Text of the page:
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Charles Haddon Chambers

1860 – 1921

Charles Haddon Chambers (1860-1921), playwright and dramatist, grew up in Sydney. Leaving school at thirteen, he worked as a clerk and then, for two years, as a boundary rider. Having travelled to Ulster and London, he returned briefly to work in Sydney before settling permanently in London at the age of twenty-two. There he began writing to support himself, contributing pieces to local magazines and writing London letters for the Bulletin. In this period he helped the Bulletin to snare Phil May. In 1888, he gained recognition when his play Captain Swift was staged with Herbert Tree in the lead role. The play about a bushranger after whom 'the long arm of coincidence' reaches was to be his only Australian-themed work apart from Thumb-nail sketches of Australian life (1891). For three decades he worked on twenty or so plays, which were staged in the West End and sometimes in New York; his outstanding successes included the melodrama The fatal card (1894), the comedy The tyranny of tears (1899), Passers-by (1911) and The saving grace (1917). Handsome, graceful and a scintillating conversationalist, he was courted by society hostesses and prominent in club life. It suited him to be married, for many years, to Mary Dewer. However, between 1896 and 1904 he was not only Nellie Melba's acting coach, but her lover. It was Chambers who took Melba to meet Hugh Ramsay in 1902, and Bertram Mackennal was amongst their circle. Otherwise, however, Chambers's connections with Australia were minimal; he meant to visit, but never did. The year before his death he married an actress with the professional name of Pepita Bobadilla. After Chambers died - at the Bath Club - she married Sidney Reilly, 'Ace of Spies'.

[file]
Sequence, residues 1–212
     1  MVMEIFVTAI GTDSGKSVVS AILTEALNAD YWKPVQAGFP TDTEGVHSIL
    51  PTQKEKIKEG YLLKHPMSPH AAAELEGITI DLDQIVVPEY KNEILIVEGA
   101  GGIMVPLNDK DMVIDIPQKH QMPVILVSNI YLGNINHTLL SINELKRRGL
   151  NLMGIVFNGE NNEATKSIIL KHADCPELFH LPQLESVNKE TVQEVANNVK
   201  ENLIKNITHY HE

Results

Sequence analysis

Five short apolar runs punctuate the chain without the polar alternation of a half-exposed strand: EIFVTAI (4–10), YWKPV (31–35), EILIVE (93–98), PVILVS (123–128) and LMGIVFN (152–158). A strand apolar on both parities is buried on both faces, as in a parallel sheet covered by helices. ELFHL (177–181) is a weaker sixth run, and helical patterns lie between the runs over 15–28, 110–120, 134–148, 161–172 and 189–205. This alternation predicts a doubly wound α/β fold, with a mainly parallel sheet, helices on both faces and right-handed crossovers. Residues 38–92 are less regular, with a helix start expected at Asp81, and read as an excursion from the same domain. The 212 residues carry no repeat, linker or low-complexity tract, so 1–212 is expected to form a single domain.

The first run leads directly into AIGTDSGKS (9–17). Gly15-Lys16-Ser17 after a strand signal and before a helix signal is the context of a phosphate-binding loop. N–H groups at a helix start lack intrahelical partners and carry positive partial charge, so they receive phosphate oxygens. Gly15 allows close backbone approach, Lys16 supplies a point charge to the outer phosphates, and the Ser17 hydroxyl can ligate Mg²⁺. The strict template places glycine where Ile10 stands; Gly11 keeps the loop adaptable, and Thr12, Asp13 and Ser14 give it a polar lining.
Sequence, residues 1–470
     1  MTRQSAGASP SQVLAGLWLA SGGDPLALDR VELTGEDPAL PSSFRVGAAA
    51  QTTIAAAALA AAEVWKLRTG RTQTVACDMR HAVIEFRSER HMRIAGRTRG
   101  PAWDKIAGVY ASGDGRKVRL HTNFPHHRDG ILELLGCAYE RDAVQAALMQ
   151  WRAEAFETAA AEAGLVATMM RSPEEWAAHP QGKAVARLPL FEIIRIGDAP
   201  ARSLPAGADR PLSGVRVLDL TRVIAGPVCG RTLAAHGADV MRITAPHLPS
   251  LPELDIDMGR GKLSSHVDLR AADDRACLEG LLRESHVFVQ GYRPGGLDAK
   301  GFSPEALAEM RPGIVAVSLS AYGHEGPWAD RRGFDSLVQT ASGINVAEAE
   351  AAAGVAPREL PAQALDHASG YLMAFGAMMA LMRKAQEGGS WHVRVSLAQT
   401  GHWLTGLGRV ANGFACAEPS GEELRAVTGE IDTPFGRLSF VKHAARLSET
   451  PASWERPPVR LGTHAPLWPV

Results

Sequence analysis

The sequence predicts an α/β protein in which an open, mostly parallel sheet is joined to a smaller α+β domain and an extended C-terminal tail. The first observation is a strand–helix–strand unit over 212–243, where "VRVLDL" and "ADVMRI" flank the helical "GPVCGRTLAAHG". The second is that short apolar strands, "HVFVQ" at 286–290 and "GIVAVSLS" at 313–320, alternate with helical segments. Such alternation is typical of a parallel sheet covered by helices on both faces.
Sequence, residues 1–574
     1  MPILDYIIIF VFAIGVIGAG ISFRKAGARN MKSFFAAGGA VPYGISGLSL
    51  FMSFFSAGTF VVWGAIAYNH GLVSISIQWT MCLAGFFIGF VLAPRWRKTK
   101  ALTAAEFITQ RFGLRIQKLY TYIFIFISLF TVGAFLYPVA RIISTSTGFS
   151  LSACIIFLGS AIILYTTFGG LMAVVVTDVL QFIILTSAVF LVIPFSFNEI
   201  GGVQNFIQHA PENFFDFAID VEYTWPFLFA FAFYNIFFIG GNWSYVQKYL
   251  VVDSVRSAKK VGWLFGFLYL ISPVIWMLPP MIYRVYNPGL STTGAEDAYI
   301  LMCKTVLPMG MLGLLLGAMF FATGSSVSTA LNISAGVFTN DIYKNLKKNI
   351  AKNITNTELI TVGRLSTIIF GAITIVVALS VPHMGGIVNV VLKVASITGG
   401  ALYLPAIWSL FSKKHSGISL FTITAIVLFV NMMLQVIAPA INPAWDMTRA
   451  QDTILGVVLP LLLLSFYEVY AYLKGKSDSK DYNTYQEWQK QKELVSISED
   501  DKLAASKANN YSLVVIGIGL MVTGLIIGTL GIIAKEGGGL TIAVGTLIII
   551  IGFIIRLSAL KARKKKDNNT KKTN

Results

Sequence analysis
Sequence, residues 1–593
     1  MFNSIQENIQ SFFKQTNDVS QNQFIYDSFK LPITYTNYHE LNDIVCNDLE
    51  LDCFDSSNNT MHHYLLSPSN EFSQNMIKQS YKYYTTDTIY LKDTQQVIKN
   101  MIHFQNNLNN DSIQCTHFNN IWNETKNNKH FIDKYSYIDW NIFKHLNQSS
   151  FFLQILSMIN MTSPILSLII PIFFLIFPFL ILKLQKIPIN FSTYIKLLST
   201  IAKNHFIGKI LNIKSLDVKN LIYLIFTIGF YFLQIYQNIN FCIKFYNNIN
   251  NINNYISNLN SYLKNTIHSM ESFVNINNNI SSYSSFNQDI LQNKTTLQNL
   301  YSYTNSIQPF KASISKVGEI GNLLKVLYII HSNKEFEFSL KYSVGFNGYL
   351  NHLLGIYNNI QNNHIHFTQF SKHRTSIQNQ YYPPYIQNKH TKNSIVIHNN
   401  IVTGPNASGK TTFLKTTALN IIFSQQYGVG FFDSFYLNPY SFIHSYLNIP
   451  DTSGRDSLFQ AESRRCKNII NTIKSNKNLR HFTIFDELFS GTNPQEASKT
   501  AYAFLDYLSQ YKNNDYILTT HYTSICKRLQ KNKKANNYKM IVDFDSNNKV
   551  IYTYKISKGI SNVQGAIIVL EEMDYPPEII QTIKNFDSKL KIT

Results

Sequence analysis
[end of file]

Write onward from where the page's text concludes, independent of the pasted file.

Updated 2018